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From the desk of a deer hunter’s widow

Progressive Dairyman Editor Peggy Coffeen Published on 16 October 2015

The chill in the air here in northeast Wisconsin marks the fall season, and at my house, that means it is time for deer hunting.

Between bows and guns, deer hunting is much more than a nine-day event. For weeks already, my house has been transformed into a hunting blind.



There is a trail of camouflage attire and crunchy, dead leaves leading from the garage to the living room, accompanied by the musty, earthy aroma of the great outdoors.

A crossbow sits on my kitchen counter, conveniently located for an impromptu round of target practice in the backyard, and my regular weeknight Bravo programming is replaced by the Outdoor Channel. Watch where you step and sit, as there may be a stray rattling antler laying around.

Little did I know when my husband and I met nine years ago, this annual big buck fever would consume him for the better part of September, October and November. I specifically recall the day he looked deeply into my eyes – as if peeling back every layer to my soul – and said, “I have a very important question to ask you … how do you feel about hunting?”

My casual response: “Well, I don’t hunt. My family doesn’t hunt. But I think there are a lot of things that need to be shot.”

Though I had passed his test with flying colors, it took a few years for me to get the hang of being a “hunter’s wife.” I had unknowingly signed up to learn skills like cooking venison, removing cockle burs and trimming deer carcasses.


My vocabulary has expanded to include words like “drop tine,” “brow tine” and “atypical.” I’ve also gotten pretty good at whipping out the spotlight from under the seat of the truck to shine deer on a drive home as they munch on corn stubble in the fields.

Over the years, I have learned how to be a supportive hunting spouse. For example, I quickly figured out that comments like, “Maybe this just isn’t your sport” and “All the cavemen needed to kill a deer was a rock and a stick” were not well received when my hunter came home empty-handed. Washing hunting gear in lavender-scented laundry detergent did not go over well either.

These days, I send my hunter out into the wild with a kiss, words of encouragement and snacks to nourish his body as he sits through the cold, wind and rain in the name of feeding our family. I say a prayer for his safety and cross my fingers that when he returns there will be a 200-pound carcass on the tailgate and a 16-point rack in his hands.

I admit, I do this in part because his victory means the hunting gear could get packed away early, but more importantly, this is my husband’s passion. It is the one thing that will get him out of bed at 4 a.m.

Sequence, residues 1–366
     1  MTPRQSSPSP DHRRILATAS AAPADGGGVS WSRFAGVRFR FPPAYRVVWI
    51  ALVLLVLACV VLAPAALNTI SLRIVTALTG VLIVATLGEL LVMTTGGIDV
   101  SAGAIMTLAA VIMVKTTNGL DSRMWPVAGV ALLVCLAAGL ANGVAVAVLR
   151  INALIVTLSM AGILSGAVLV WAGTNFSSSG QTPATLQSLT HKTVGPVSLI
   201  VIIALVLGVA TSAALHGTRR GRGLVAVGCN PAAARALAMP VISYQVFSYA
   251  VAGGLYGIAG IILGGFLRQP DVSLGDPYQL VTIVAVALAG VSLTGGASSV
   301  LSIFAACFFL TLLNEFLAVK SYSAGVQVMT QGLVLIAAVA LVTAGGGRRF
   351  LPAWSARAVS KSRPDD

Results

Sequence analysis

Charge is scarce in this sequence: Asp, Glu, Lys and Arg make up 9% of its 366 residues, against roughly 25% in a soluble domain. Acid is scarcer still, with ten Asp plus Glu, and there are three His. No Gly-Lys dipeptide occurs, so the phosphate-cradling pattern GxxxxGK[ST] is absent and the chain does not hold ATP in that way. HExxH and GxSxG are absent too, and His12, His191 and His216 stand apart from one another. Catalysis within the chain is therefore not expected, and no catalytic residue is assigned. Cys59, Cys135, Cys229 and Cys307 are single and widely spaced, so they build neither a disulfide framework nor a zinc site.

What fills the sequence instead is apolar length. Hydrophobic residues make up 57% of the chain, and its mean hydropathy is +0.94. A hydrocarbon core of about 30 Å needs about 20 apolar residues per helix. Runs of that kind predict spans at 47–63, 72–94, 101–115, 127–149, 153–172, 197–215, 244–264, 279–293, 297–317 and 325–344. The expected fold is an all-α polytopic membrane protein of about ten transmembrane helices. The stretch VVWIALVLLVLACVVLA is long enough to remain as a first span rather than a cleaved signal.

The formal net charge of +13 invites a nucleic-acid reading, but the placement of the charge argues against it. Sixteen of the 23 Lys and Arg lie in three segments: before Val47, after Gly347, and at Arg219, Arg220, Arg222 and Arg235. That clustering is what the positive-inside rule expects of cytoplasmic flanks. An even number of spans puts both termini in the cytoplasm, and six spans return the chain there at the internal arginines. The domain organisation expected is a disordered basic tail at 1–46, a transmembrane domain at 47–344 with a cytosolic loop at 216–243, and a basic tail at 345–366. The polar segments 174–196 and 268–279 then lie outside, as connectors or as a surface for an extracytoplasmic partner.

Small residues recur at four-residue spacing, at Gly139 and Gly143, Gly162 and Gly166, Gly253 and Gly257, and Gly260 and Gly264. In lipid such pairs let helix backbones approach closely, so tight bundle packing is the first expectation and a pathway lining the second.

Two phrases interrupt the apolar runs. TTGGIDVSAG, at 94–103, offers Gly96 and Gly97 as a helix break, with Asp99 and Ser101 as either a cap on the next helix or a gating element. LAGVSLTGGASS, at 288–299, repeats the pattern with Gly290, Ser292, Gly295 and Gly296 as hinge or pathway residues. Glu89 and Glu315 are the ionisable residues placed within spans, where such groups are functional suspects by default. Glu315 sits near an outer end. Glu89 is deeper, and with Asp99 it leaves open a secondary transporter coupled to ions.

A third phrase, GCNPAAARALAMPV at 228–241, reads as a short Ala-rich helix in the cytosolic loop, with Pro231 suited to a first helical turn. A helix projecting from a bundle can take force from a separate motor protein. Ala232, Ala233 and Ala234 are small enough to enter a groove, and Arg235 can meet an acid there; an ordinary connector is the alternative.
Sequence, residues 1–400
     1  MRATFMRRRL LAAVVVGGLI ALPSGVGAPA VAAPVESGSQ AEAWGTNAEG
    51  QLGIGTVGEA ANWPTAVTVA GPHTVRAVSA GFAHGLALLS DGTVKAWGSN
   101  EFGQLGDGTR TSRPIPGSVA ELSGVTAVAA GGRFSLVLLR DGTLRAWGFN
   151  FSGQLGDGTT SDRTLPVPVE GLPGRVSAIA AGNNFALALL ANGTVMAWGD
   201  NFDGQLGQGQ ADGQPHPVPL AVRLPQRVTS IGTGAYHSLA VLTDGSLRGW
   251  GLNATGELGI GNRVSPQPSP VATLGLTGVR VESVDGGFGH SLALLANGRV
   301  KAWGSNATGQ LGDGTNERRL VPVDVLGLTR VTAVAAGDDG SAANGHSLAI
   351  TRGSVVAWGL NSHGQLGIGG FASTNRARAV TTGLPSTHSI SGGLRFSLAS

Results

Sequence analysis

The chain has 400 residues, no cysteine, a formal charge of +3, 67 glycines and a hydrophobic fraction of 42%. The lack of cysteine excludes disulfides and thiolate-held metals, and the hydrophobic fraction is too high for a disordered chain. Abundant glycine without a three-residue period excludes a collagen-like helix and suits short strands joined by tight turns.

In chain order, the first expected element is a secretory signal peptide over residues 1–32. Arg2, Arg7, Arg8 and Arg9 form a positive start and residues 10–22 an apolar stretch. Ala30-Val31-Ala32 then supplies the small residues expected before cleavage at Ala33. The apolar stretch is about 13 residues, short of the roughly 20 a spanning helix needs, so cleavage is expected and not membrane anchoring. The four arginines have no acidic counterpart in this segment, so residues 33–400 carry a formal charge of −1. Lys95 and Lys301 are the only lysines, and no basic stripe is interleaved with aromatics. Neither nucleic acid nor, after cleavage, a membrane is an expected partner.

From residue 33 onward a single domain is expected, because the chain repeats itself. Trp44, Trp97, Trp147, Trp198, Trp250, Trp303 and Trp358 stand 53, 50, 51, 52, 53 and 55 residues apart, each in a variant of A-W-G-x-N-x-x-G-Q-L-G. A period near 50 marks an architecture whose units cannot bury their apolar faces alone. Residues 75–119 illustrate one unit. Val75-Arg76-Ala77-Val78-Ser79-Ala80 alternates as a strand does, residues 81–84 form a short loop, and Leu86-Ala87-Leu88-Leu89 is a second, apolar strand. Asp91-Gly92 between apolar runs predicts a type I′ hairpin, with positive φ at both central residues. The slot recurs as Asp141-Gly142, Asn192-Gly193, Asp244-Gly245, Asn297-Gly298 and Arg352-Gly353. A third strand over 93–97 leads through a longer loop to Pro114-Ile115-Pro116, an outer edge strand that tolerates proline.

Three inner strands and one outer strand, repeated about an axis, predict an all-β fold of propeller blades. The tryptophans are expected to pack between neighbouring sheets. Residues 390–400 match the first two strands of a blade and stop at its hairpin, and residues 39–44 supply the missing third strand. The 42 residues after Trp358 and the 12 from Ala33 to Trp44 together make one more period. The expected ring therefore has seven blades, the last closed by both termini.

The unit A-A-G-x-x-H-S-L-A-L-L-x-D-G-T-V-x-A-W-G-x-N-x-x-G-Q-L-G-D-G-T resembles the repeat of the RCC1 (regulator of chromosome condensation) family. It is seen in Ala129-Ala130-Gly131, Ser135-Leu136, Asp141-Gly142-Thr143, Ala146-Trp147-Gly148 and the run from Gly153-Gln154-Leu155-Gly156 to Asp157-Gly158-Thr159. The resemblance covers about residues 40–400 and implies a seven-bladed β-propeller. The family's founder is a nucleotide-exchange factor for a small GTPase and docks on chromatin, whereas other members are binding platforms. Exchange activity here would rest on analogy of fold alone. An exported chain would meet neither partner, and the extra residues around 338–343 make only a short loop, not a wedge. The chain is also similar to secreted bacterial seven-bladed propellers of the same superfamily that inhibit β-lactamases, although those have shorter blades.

Each year, he dreams of shooting that trophy buck worthy of hanging on the wall. He lives and breathes for this challenge, and nothing would satisfy him more than luring a big buck to his stand and respectfully ending its life with a dignified kill shot.

Deer hunting is a passion that involves both luck and skill but, after all, so is dairy farming. Both can be humbling reminders that we are at the mercy of Mother Nature, and sometimes she is just smarter than we are. There can be volatility, ups and downs, bad timing and outside forces beyond our control.


But there is something about the “hunt” that keeps you coming back for more. Perhaps it’s a brush with that brute of a buck – or hitting that 100-pounds-of-milk-per- cow mark. A taste of victory keeps you hanging on to your hopes and dreams.

Similarly, being a deer hunter’s widow is not unlike being a dairy farmer’s wife. During the height of the harvest, you know not to call to ask what time he will be home for dinner; you just know to have a warm plate ready when he walks in the door.

There are times when you attend social functions without him and politely respond to the enquiries of his whereabouts by reassuring people that you are not getting divorced; it is just “that time of the year.”

Though deer hunting is only a seasonal hobby, and dairy farming is a year-round career, supporting my hunter gives me a glimpse of what it is like to be the better half of a dairyman.

It also fills me with admiration for the many wives, better than I, who not only hold down the fort but also hunt or farm right alongside their husbands.

So to the hunters and the dairy farmers, may you have a bountiful harvest this fall, and don’t forget there is a special someone at home who loves you and supports the pursuit of your passion.  PD

peggy coffeen
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